French Vanilla Sweater

Sometimes we start a project super eager, enthusiastic, and with a ton of drive and desire to get it done.

And then….

Yeah, it’s one of those projects.

The thing is, it shouldn’t have been.

This sweater is self-designed, and it’s made to be simple. It is a tube with arm holes. There are no sleeves. I didn’t even add shaping.

But, well, the yarn had other ideas.

First of all, I should say that I have no idea what yarns I used.

It all started with a cone from, in the colorway Astrolabe, which had some wool and a metallic strand and some other stuff I don’t remember, and it’s no longer available on their website.

Back when I bought it, a certain author was still well-love the world over with a best selling series of books about inclusion and tolerance and defending those who are marginalized and less fortunate. I’d been wanting to make a Puck Drop (Ravelry link) sweater for ages, but use Ravenclaw colors. A Quidditch sweater, if you will. I thought this yarn would be perfect.

It turns out…it wasn’t. I got the only cone available, and halfway through the body I ran out of yarn. It was also a lot itchier than I thought it would be, and for my sensitive skin that was a no-go. So I tore it out and sat on it for a while.

When the above author decided to show her whole bigoted ass to the world, I decided to use it for something else less directly linked to the books. I figured if I removed the sleeves and lowered the neckline, I’d have enough yarn. I love off the shoulder and cold shoulder tops, so I used that as my starting point. And ran out of yarn again.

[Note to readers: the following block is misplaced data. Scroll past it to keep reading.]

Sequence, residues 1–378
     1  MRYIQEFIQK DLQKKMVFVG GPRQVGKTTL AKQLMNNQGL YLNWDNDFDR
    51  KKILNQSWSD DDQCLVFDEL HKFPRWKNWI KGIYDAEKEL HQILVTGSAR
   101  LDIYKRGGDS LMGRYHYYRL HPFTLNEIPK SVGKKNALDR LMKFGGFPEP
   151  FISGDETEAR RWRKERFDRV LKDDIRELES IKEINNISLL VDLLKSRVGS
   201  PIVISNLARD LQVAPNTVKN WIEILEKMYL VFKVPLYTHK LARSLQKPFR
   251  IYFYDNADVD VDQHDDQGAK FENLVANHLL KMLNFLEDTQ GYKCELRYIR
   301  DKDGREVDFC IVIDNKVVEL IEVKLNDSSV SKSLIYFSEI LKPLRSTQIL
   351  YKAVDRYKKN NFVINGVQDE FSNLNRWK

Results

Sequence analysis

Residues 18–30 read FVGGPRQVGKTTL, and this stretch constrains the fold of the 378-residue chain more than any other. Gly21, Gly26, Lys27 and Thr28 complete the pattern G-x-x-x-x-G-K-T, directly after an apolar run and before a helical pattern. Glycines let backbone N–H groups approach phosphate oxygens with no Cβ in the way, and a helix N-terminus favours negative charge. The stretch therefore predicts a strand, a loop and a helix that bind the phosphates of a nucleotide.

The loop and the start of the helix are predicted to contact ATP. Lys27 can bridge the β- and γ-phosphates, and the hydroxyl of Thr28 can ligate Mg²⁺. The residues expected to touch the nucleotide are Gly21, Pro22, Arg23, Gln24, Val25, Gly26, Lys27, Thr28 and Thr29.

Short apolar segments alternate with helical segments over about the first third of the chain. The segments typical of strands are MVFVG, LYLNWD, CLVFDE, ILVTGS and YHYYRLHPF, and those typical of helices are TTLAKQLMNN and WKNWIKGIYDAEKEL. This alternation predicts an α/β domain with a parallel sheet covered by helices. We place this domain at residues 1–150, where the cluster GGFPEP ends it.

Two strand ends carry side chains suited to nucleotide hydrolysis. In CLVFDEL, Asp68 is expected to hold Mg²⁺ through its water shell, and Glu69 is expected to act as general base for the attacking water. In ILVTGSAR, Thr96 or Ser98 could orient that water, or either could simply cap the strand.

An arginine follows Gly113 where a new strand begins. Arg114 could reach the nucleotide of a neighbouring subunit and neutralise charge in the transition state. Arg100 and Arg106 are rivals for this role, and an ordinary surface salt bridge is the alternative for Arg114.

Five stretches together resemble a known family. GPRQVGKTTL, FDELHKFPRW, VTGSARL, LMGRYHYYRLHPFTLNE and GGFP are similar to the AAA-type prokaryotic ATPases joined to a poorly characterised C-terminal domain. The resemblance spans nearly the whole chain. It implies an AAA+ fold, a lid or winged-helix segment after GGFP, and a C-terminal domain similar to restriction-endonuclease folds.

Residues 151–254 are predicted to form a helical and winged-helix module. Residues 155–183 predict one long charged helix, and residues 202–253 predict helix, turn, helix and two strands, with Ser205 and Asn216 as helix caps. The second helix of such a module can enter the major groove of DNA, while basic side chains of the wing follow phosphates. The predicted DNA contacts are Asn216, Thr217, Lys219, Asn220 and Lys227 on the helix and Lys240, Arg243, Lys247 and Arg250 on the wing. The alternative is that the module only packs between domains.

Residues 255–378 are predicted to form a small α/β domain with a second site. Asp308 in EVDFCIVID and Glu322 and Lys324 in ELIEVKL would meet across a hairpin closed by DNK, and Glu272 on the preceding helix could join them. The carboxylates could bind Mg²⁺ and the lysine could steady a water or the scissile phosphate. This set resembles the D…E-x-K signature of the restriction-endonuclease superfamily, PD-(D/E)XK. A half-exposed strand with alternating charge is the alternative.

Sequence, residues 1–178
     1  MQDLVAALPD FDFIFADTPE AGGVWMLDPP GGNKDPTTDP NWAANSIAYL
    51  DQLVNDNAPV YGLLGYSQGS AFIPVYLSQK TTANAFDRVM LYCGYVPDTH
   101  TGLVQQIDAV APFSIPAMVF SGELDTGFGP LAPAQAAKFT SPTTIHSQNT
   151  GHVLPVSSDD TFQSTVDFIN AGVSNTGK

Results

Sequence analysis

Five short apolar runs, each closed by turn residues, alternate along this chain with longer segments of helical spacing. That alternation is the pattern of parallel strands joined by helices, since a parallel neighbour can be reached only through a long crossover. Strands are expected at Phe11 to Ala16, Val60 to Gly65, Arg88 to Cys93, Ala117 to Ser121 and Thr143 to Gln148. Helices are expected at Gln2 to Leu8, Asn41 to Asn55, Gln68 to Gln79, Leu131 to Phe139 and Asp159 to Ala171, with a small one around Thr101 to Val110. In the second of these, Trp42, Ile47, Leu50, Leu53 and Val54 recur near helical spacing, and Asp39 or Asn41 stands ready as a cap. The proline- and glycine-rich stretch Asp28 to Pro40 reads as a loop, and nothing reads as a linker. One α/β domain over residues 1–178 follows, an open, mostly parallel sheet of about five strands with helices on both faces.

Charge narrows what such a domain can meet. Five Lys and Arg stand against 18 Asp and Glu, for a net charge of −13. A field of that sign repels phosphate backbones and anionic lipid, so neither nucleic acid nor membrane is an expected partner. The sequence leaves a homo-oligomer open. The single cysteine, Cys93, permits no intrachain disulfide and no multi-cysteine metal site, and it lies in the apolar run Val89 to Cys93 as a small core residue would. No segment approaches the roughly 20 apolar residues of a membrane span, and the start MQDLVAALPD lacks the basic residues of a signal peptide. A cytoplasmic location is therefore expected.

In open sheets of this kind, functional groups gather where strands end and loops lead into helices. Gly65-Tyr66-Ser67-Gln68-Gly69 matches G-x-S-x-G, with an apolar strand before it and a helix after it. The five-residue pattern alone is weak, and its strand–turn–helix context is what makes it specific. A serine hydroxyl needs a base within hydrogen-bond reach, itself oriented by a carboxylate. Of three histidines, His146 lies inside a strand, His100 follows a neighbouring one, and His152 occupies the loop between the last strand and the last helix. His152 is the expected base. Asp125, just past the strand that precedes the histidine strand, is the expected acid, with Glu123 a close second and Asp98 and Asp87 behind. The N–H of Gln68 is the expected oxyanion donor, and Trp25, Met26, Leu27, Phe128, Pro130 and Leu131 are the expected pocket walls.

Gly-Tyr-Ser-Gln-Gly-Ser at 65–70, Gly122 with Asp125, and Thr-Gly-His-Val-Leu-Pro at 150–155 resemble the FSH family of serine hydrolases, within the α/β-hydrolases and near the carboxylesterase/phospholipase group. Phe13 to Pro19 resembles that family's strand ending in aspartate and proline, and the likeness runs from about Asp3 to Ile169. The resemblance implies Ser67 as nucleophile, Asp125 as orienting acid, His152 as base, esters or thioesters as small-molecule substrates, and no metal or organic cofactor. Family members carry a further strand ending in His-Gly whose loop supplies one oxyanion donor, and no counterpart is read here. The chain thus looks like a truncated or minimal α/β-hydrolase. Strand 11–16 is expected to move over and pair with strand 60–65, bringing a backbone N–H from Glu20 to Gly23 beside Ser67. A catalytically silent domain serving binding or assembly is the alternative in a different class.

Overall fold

So I went to the LYS and picked up two skeins of blue and two of a gold-yellow that worked with the colors in Astrolabe, and started striping. I thought it would make the finished object softer and easier to wear, tone down the sparkle of the metallic strand, and in general improve the outcome.

And then I held it up and realized my tension was far too tight when I changed colors, so one side of the sweater was two inches shorter than the other.

At that point, the sweater went into a cupboard for 10 months to think about its life choices while I knit approximately three hundred other things and moved to a new apartment and pretended the Sweater of Shame didn’t exist.

I finally got up the guts to rip it back and start working on it again. By then, the luster had really worn off. The yarn was rough from being ripped out so many times, and it had picked up some dust and cat hair along the way. I’d decided to use it as a prototype for a sweater pattern, but then realized it was a poor yarn choice because I didn’t know what the yarns were or where to get more, which is a bit taboo in the knit design world. Lots of people want to make items that look exactly like the sample, so you want to share what yarn you used. It also means you can’t get yarn support from whatever the company was.

So yeah, by February I was so over it. I finally just sat down and cranked out the last 8 inches of sweater, bound off, and blocked it. During the blocking process, I washed it with shampoo (as usual) but then dissolved some of my heavy-duty repair conditioner for dry and damaged hair in the sink and let it soak there for about half an hour. That made a VAST improvement to the texture. Then I pinned it rather viciously to my blocking mats and shoved it in our little laundry closet to dry, half hoping the gremlins who keep stealing my socks would decided to take that instead.

It’s a lot softer now, it has a lovely drape, but…it’s just not right. Part of the problem is the model. Yes, it’s me. But the me on camera does not match the me in my head (thanks, Hashimoto’s), and that makes it very hard for me to look at pictures of myself. But that is a subject for an entirely different blog post.

Anyway, what do you think? Do you think it’s as awful as I do? I’m still trying to figure out how to style it, since it doesn’t look like I thought it would in my head.

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